Hoping to expedite plans for a new tribute to Dr. Martin Luther King Jr., the San Diego City Council on Monday established a citizens' committee that will recommend a way to honor the slain civil rights leader in the wake of voters' decision last month to remove King's name from a major downtown street.
By a unanimous vote, the council created a 19-member panel intended to propose a new method to commemorate King by next July. The Rev. Clyde Gaines, chairman of Mayor Maureen O'Connor's Black Advisory Board, said he hopes that the 19 positions will be filled by the council within several weeks so the committee can begin its task by Jan. 1.
Monday's action represented the council's latest and most substantial effort to defuse lingering resentment among local black leaders over the emotional Nov. 3 vote. The vote was to restore Martin Luther King Way to its original name, Market Street--a decision that some argued was motivated, in part, by racism and damaged San Diego's national reputation.
Michel Anderson, co-chairman of the group that fought unsuccessfully to preserve the name of Martin Luther King Way, predicted Monday that the committee will enable the council to "achieve something bigger, something better, something grander than Market Street" to commemorate King.
In an effort to avoid the divisiveness of last month's ballot initiative, the committee plans to hold numerous public meetings throughout the city to solicit suggestions on potential ways to honor King.
Don McEvoy, executive director of the San Diego chapter of the National Conference of Christians and Jews, noted Monday that the council had been widely criticized for failing to solicit sufficient community input before deciding in 1986 to rename Market Street in honor of King. Dissatisfaction with that process spurred opponents of the name change to gather tens of thousands of signatures to put the issue on last month's ballot.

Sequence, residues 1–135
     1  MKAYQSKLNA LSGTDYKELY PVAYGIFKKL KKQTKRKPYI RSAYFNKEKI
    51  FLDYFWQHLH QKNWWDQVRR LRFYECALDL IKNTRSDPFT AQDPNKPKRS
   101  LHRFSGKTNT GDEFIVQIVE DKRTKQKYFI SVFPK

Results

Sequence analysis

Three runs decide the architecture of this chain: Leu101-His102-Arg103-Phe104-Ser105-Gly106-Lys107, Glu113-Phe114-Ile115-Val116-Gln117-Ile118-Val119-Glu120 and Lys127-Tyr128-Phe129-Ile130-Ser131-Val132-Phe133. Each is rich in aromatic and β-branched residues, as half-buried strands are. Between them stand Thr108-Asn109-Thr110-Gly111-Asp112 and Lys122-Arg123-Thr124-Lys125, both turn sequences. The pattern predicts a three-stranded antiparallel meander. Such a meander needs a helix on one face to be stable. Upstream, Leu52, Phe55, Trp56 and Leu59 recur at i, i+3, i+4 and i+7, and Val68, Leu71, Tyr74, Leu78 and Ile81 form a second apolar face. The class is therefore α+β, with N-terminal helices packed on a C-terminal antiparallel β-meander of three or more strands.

"Last time, some said (the council) made a mistake," McEvoy said. "This time, we're going to make sure that the community doesn't make a mistake by doing it better."
Gaines said that the 19-member committee will represent "a good, broad . . . cross section" of the city, adding that he hopes the panel includes a member of the group that favored restoration of the name Market Street.
Representatives of Groups
Under guidelines approved by the council, the panel will include one member from each council district appointed by the mayor, as well as representatives of business and professional groups, the San Diego school district and various community, ethnic and racial groups.
Although the group is charged with developing its recommendation on how to honor King within six months, Gaines stressed that the committee will conduct a "thorough, careful examination . . . of all options."
"We're not hastily or hurriedly trying to come up with something," Gaines said. "We hope to spend enough time to reach enough citizens . . . to come up with a suitable tribute. We think this process is a more appropriate way to begin what we're trying to do."